Created:February 2, 2010 Updated:June 3, 2010
Description: From the Debian advisory: Li Ming discovered that lighttpd, a small and fast webserver with minimal memory footprint, is vulnerable to a denial of service attack due to bad memory handling. Slowly sending very small chunks of request data causes lighttpd to allocate new buffers for each read instead of appending to old ones. An attacker can abuse this behaviour to cause denial of service conditions due to memory exhaustion.
Alerts:
Fedora FEDORA-2010-7643 lighttpd 2010-04-30
Fedora FEDORA-2010-7636 lighttpd 2010-04-30
Debian DSA-1987-1 lighttpd 2010-02-02
Gentoo 201006-17 lighttpd 2010-06-03
SuSE SUSE-SR:2010:003 lighttpd, net-snmp/libsnmp15/perl-SNMP, fuse, xpdf 2010-02-09

Comments (none posted)

maildrop: privilege escalation

Package(s):maildrop CVE #(s):CVE-2010-0301
Created:January 28, 2010 Updated:September 7, 2010
Description: From the Debian alert:

Christoph Anton Mitterer discovered that maildrop, a mail delivery agent with filtering abilities, is prone to a privilege escalation issue that grants a user root group privileges.

Alerts:
Gentoo 201009-02 maildrop 2010-09-06
Debian DSA-1981-2 maildrop 2010-01-28
Debian DSA-1981-1 maildrop 2010-01-28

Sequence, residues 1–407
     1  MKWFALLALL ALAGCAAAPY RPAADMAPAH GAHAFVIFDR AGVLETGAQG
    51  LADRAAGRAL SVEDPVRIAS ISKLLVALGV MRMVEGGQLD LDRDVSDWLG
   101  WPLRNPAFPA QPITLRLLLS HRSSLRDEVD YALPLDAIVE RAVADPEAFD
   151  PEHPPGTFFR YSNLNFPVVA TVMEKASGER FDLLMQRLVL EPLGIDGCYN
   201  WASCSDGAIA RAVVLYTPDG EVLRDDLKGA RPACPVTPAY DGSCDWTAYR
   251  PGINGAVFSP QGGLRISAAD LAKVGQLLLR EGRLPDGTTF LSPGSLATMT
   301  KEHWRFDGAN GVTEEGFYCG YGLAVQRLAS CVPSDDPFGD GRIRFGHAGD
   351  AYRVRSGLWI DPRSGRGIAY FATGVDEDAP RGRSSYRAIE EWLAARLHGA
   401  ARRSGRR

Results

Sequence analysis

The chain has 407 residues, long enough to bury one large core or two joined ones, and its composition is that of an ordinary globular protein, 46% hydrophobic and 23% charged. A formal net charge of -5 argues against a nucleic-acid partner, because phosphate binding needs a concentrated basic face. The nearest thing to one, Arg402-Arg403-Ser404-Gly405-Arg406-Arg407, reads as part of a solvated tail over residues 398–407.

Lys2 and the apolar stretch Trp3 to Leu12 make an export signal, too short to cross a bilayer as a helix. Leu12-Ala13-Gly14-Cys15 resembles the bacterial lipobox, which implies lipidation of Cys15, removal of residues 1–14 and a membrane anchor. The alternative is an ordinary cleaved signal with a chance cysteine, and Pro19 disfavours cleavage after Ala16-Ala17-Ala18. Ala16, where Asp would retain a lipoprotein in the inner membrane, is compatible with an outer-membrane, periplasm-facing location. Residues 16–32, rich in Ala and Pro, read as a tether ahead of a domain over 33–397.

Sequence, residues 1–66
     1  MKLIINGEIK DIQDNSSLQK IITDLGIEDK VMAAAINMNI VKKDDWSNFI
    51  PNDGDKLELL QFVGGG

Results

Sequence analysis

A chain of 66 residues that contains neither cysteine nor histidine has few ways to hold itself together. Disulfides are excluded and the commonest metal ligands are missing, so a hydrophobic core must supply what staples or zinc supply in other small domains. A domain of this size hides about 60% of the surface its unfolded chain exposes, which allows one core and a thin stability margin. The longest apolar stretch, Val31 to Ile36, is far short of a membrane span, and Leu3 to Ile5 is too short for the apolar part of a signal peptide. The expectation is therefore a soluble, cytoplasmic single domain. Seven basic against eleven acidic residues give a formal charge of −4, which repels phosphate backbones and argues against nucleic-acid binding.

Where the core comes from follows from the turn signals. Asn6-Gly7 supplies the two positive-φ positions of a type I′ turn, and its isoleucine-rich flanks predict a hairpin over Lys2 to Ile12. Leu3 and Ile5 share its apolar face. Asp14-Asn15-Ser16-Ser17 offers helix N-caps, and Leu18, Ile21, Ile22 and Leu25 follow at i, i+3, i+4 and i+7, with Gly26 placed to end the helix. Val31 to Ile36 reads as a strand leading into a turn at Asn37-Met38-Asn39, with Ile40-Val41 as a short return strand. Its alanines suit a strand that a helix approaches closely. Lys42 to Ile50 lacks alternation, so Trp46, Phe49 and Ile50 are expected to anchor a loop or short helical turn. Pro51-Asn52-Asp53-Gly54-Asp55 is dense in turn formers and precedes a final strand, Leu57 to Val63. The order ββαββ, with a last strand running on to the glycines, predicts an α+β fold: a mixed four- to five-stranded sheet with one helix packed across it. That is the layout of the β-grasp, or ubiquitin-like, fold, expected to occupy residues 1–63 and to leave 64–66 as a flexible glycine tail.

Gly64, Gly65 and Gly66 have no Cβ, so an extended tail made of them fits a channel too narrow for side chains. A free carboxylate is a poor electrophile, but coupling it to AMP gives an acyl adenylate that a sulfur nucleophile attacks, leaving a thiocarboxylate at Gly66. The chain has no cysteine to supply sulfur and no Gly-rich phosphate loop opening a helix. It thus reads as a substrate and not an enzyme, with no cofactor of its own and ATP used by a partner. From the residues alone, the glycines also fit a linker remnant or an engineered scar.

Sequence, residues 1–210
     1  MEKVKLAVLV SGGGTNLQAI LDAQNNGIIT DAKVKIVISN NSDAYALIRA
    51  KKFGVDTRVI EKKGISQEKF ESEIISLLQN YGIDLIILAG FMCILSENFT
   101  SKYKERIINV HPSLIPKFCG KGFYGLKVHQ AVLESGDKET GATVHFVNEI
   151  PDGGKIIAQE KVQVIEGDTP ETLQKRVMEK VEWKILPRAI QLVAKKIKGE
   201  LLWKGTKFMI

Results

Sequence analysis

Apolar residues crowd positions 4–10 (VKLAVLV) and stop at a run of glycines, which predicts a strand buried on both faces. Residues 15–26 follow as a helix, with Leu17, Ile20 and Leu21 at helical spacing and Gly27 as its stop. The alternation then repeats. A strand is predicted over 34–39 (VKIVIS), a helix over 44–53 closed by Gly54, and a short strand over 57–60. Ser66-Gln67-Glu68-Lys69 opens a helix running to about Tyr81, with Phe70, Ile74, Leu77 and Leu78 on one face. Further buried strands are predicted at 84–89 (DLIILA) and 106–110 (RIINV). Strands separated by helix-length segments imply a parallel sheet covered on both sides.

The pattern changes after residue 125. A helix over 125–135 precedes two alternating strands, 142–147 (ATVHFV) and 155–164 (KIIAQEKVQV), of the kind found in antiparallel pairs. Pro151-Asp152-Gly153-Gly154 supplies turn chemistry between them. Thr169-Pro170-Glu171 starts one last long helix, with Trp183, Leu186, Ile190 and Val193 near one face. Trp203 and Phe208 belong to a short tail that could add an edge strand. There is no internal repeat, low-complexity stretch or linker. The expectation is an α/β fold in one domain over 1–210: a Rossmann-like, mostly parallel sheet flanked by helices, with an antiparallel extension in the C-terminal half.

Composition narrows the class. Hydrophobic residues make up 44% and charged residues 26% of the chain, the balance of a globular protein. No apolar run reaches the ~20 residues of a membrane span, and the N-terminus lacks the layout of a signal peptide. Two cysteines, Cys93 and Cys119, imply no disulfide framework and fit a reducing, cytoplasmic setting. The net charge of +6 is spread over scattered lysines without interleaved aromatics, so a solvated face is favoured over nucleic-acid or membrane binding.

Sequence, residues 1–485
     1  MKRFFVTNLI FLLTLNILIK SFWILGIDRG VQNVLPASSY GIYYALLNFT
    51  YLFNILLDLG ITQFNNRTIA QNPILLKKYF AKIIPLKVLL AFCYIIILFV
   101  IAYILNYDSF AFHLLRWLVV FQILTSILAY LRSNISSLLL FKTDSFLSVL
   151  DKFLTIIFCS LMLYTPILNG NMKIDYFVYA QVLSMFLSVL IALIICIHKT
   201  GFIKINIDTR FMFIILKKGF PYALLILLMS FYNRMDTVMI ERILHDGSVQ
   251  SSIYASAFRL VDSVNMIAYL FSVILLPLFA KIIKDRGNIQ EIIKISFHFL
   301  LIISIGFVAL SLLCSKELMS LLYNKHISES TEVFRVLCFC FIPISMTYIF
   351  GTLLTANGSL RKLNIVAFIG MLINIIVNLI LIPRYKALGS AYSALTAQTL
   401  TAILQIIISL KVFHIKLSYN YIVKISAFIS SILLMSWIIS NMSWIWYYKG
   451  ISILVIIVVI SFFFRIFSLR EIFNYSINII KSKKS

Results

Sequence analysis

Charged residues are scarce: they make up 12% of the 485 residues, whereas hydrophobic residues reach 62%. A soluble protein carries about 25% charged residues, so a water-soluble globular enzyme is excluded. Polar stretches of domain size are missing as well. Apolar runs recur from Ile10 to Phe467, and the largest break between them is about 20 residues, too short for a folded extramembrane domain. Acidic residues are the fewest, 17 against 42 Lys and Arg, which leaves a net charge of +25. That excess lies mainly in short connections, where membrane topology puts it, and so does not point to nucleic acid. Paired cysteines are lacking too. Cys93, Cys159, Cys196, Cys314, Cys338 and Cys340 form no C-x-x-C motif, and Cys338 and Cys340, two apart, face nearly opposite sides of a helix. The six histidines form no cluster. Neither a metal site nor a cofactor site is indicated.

Mandriva MDVSA-2010:038 maildrop 2010-02-16
Fedora FEDORA-2010-1927 maildrop 2010-02-16
Fedora FEDORA-2010-1863 maildrop 2010-02-16

Comments (none posted)

moodle: multiple vulnerabilities

Package(s):moodle CVE #(s):CVE-2009-4297 CVE-2009-4298 CVE-2009-4299 CVE-2009-4301 CVE-2009-4302 CVE-2009-4303 CVE-2009-4305
Created:February 3, 2010 Updated:February 16, 2010
Description:

From the Debian advisory:

CVE-2009-4297: Multiple cross-site request forgery (CSRF) vulnerabilities have been discovered.

CVE-2009-4298: It has been discovered that the LAMS module is prone to the disclosure of user account information.

CVE-2009-4299: The Glossary module has an insufficient access control mechanism.

CVE-2009-4301: Moodle does not properly check permissions when the MNET service is enabled, which allows remote authenticated servers to execute arbitrary MNET functions.

CVE-2009-4302: The login/index_form.html page links to an HTTP page instead of using an SSL secured connection.

CVE-2009-4303: Moodle stores sensitive data in backup files, which might make it possible for attackers to obtain them.

CVE-2009-4305: It has been discovered that the SCORM module is prone to an SQL injection.